• name
  • id
  • meta
  • description

For illustration, below is a code sample from Cornerstone:

Required Variation Object with Key/Value pairs
"variations": [
    {
      "name": "Light",
      "id": "light",
      "meta": {
        "desktop_screenshot": "desktop_light.png",
        "mobile_screenshot": "mobile_light.png",
        "description": "Ideal for a wide range of businesses and brands, this design is fully responsive, simple, and ready for you to add your branding, logo, and products. ...",
    ...
    }
  ]

New Products Example

To customize your theme’s appearance at a global level, the values that you define in the {theme-name}/config.json file interact with local resources. Your config.json definitions set global defaults for templates, front-matter attributes, and Handlebars resources throughout your theme. You can also define custom variables in config.json, named according to your needs.

To see how interactions with config.json values work, first note the default values in config.json for the homepage_new_products_count and product_list_display_mode keys:

{
"settings": {
  "homepage_new_products_count": 12,
  "product_list_display_mode": "grid",
  }
}

Next, open your {theme-name}templates/pages/home.html file. Highlighted in bold below is a statement that uses the theme-wide settings above to customize an API request to the server.

(Note the reference to the homepage_new_products_count key in the file’s front matter, between the two “” delimiters. If your current theme’s home.html front matter omits this products:new:limit definition, paste it in for this demonstration.)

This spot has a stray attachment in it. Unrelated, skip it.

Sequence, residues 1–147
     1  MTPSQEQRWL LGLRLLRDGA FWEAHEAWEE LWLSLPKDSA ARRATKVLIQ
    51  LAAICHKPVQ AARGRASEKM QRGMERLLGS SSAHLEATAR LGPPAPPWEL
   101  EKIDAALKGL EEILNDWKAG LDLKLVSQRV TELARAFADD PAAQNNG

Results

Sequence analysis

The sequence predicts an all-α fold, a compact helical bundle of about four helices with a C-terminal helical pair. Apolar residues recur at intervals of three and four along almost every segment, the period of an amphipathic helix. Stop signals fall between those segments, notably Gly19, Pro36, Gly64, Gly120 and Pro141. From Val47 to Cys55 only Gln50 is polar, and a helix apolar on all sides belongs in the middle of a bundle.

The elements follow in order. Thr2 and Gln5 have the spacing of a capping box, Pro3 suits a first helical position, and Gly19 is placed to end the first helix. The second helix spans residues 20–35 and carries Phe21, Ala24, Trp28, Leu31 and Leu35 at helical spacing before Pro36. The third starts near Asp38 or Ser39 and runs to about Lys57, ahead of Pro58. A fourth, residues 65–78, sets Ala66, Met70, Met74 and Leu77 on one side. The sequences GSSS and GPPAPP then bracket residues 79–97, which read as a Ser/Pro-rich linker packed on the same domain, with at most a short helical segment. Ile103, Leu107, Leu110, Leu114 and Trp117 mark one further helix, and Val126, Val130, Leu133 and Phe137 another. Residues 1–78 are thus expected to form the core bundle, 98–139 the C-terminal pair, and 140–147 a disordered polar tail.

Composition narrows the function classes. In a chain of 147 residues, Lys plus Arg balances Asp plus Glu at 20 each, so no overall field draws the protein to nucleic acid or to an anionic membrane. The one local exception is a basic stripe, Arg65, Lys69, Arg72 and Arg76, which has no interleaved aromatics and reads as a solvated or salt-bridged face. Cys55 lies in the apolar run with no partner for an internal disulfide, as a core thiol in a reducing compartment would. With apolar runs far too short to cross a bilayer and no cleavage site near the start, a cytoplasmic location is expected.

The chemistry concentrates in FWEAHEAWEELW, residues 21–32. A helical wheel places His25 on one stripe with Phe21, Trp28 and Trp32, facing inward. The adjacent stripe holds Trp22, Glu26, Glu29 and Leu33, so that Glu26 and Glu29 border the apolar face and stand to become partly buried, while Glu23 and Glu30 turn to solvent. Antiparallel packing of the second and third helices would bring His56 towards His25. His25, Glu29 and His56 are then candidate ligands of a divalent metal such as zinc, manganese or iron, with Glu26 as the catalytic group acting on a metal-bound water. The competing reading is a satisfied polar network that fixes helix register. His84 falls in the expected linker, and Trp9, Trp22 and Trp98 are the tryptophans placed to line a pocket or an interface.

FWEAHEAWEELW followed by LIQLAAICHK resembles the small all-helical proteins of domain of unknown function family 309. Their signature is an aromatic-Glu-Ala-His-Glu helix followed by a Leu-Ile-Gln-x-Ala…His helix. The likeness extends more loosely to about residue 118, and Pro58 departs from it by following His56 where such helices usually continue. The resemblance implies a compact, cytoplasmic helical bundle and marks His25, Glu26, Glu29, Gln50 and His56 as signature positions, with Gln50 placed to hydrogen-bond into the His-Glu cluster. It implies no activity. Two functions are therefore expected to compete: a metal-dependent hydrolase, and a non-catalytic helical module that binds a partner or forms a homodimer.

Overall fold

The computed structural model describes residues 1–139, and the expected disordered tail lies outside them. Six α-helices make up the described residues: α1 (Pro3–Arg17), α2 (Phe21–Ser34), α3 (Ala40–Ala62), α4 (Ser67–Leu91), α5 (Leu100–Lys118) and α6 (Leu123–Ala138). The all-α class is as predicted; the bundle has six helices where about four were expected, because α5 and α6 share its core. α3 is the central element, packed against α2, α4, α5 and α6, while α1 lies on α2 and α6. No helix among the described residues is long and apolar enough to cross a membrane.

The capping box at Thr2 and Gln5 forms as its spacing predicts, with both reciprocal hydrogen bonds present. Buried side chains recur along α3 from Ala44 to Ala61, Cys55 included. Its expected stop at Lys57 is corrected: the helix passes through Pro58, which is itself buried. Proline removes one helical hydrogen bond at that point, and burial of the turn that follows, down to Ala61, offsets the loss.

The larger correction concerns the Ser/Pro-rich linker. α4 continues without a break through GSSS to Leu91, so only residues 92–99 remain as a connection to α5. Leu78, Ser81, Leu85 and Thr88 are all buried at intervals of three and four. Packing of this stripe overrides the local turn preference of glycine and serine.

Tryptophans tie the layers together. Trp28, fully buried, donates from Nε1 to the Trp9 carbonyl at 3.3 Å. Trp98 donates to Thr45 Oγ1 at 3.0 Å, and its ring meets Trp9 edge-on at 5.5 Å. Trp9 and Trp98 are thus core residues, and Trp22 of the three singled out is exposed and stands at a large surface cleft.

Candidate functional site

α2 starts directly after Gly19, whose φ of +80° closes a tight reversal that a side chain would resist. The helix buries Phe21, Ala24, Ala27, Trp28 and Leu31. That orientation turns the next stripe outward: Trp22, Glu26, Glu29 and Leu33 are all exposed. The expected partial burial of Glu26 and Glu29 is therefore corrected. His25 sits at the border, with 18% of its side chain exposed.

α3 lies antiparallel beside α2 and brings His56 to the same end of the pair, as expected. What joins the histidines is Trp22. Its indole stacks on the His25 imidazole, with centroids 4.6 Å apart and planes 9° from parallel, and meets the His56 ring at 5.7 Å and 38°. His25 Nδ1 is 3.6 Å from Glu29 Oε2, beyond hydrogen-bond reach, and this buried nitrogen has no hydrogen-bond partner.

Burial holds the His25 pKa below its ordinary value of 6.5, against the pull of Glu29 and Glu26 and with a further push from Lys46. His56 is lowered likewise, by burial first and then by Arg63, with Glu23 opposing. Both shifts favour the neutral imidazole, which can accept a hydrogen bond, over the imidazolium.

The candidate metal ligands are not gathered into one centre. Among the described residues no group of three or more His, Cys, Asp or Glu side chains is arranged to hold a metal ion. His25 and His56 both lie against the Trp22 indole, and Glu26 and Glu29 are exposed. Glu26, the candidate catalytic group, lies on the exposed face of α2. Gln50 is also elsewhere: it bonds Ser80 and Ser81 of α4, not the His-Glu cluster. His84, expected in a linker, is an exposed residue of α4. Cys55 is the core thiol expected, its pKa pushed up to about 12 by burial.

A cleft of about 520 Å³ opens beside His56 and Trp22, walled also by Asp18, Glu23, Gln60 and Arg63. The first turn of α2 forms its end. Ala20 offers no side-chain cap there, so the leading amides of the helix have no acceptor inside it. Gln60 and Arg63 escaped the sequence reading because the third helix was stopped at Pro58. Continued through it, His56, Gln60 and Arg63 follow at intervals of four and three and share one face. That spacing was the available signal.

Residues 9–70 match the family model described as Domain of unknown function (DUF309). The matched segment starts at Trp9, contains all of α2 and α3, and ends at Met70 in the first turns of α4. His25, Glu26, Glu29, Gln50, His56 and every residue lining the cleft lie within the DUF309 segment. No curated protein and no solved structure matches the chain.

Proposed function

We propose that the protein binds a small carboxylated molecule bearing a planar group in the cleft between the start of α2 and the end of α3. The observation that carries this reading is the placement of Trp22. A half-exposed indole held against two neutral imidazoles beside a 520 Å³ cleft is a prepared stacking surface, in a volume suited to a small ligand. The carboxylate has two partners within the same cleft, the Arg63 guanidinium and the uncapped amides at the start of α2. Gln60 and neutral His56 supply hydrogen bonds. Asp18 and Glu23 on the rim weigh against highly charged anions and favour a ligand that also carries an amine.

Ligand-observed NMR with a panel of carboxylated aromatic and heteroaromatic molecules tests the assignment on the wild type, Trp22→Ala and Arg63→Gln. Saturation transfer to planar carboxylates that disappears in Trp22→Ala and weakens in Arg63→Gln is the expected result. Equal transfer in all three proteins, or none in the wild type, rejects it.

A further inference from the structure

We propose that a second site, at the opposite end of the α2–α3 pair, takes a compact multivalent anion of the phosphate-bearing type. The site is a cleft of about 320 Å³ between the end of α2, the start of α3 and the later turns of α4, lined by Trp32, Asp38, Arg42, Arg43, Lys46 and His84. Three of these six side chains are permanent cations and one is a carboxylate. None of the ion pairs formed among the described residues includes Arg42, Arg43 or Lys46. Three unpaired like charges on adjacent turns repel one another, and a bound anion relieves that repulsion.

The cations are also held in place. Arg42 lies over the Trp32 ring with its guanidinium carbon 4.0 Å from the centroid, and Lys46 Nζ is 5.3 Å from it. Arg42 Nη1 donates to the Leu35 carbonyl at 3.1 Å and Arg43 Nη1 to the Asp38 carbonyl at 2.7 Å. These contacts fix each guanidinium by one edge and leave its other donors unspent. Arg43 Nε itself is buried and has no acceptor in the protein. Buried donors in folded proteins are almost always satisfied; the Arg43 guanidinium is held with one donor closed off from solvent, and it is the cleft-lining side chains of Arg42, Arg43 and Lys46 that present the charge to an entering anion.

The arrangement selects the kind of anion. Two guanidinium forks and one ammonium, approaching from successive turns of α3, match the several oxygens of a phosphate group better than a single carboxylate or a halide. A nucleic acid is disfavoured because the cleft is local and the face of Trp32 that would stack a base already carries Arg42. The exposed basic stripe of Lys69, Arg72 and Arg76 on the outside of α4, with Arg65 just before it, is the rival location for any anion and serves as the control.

products:
  new:
    limit: {{theme_settings.homepage_new_products_count}}
  featured:
    limit: {{theme_settings.homepage_featured_products_count}}
  top_sellers:
    limit: {{theme_settings.homepage_top_products_count}}
carousel: {{theme_settings.homepage_show_carousel}}
blog:
    recent_posts:
        limit: {{theme_settings.homepage_blog_posts_count}}

{{#partial "hero"}}

<!-- [...] -->

{{/partial}}
{{> layout/base}}

If you load your storefront’s home page (by default, http://localhost:3000, you should see a “New Products” section that displays 12 products in a grid.

Changing Page Layout Using Local Front Matter

In the {theme-name}templates/pages/home.html front matter, products > featured is listed. This controls how many products appear on the home page. This is set by the config.json theme_settings.homepage_featured_products_count}. This example shows how you can set theme wide configurations in the front matter using the config.json.


<!-- [...] -->
products:
  featured:
      limit: {{theme_settings.homepage_featured_products_count}}
<!-- [...] -->

Next, try changing the limit: {{theme_settings.homepage_featured_products_count}} statement in the home.html file to a hard-coded limit: 2, as indicated below in bold:


products:
  <!-- [...] -->
  featured:
      limit: 2
  <!-- [...] -->

<!-- [...] -->

{{#partial "page"}}

<!-- [...] -->

<div class="main full">
  {{#if products.featured}}
      {{> components/products/featured products=products.featured columns=2}}
  {{/if}}
</div>
{{/partial}}
{{> layout/base}}